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Feature Story

Charting a Path to Visible I-O

Stephanie R. Klein
University of Minnesota-Measurement Services
Visibility Committee Chair
 

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SIOP’s visibility mission continues to grow in scope and importance. Visibility—for SIOP and for the field of I-O psychology—is embedded in our mission statement, our vision, and our strategic goals.

Many SIOP members are equally passionate about SIOP and I-O psychology visibility. The annual conference program is just one example: each year, sessions offer new insights on how to be visible, articulate our value, communicate with business leaders, and/or operate effectively among non-I-Os.

This article presents some options for those among you who would also like to make SIOP and I-O more visible. Options range from informal to formal and from simple to complex, and this list is by no means comprehensive.

Option 1: Join APA
Although no longer mandatory for SIOP membership, we are APA’s Division 14.  Our formal representation within APA is dependent on the number of Division 14 members.

Option 2: Read TIP
No, the editors did not make me include this one! Rather, TIP can provide you with insights into what SIOP is doing, recent trends, and individual and group I-O activities. You may find ideas for your own visibility efforts, find people with whom to collaborate, or identify others’ ongoing initiatives that you might join.

Option 3: Volunteer with an organization that may benefit from your skills
If your favorite local nonprofit struggles to retain volunteers, perhaps you could help them design an interview process that assesses key competencies and provides candidates with a realistic preview of what volunteering might entail.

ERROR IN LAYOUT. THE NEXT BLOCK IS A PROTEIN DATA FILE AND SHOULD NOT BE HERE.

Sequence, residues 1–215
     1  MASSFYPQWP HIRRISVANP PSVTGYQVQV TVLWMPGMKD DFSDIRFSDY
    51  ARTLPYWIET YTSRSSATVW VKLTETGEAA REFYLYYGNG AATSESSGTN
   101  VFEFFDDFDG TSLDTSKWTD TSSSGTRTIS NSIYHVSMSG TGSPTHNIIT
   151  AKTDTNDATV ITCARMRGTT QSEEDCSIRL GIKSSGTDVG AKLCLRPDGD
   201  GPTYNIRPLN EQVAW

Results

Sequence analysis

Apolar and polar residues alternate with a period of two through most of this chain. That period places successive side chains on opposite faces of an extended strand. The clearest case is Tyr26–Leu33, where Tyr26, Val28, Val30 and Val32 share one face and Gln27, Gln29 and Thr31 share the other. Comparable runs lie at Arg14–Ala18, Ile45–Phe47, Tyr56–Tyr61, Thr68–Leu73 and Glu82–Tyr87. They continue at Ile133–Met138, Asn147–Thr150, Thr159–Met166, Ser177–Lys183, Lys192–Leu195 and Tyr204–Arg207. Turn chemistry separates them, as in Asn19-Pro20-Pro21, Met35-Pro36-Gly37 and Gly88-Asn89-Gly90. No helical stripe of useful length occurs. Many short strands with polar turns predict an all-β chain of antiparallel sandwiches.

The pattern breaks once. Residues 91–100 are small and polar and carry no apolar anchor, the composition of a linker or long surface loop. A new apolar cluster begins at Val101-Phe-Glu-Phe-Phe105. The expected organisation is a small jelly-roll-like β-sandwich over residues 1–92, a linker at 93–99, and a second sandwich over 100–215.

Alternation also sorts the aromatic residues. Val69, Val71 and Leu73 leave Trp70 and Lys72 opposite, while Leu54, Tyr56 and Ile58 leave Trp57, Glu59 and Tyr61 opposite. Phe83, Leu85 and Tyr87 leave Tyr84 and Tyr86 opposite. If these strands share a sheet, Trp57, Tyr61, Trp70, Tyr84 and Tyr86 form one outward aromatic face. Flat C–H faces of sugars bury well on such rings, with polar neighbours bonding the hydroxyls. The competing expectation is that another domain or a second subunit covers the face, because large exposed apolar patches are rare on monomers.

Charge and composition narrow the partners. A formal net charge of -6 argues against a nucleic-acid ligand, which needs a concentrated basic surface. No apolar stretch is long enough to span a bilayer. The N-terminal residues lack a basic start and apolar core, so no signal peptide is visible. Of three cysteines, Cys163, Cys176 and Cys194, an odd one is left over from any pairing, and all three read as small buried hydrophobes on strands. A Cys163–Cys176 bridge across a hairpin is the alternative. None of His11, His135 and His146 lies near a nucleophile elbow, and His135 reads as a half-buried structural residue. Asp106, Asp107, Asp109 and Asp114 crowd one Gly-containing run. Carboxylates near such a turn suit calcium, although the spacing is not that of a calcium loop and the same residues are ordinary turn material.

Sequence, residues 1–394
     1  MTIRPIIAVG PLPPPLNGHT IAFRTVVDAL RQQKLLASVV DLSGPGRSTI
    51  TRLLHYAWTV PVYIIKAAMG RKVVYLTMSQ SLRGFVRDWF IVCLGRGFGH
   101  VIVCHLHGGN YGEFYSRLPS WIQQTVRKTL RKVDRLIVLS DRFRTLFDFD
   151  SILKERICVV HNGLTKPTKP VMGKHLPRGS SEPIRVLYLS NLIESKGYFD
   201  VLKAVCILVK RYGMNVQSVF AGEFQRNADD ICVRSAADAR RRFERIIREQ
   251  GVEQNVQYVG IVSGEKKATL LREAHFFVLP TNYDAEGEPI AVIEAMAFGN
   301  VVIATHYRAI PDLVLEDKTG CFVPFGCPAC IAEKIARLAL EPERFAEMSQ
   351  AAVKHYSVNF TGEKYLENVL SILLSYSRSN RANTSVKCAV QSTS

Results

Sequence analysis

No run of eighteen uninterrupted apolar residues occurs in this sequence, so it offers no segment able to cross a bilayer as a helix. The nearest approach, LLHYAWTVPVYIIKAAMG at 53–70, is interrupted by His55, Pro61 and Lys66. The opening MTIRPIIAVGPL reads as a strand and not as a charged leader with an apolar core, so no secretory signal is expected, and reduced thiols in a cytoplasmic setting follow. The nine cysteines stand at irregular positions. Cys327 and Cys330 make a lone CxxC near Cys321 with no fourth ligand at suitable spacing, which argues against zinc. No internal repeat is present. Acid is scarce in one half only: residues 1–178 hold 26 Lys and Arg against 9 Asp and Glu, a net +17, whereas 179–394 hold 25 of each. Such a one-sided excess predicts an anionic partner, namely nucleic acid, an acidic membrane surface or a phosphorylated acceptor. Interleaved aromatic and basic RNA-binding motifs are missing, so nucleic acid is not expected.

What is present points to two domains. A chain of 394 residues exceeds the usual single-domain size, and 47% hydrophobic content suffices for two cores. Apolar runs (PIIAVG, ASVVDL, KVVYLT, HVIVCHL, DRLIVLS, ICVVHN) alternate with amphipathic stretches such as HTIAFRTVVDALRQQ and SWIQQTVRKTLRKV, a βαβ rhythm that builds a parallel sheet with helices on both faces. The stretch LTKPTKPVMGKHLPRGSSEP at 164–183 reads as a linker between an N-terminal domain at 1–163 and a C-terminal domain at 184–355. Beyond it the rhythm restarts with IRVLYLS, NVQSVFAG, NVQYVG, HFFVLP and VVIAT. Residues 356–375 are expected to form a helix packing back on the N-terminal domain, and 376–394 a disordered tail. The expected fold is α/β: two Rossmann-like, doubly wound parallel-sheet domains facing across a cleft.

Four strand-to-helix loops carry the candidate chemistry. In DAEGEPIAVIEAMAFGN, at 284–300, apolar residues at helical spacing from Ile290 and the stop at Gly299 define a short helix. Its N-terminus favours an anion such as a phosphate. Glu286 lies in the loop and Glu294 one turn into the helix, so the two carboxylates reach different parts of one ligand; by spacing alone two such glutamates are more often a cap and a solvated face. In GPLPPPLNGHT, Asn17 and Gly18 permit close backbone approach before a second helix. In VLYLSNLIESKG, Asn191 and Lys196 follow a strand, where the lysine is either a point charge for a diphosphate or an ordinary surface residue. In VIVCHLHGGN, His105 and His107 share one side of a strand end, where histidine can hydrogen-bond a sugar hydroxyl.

Offer your services to a job search networking group or new college graduates. I had an opportunity to sit down with a college senior earlier this year. We looked at his resumé and mapped his work and school experiences to likely job competencies and identified with some critical incidents for use in interviews to demonstrate his job readiness.

For additional ideas, please explore the Prosocial I-O website, which lists a variety of programs, projects, and activities.

Option 4: Give a presentation about I-O psychology
Did you know? The SIOP Administrative Office will provide a range of “What is I-O” materials free of charge to schools, people planning to educate others about I-O, or other visibility events.

Look to schools in your community. Consider a guest lecture in a college psychology or business class, or present to high school about this area of psychology they’ve probably never heard of. You may wish to use SIOP’s “What is I-O?” video or a recent webinar as a starting point, followed by stories from your professional life and some Q&A.

Present to community groups about our value to organizations. If it turns out that your audience includes representatives from nonprofit organizations, see Option 1.

Option 5: Volunteer for a SIOP committee.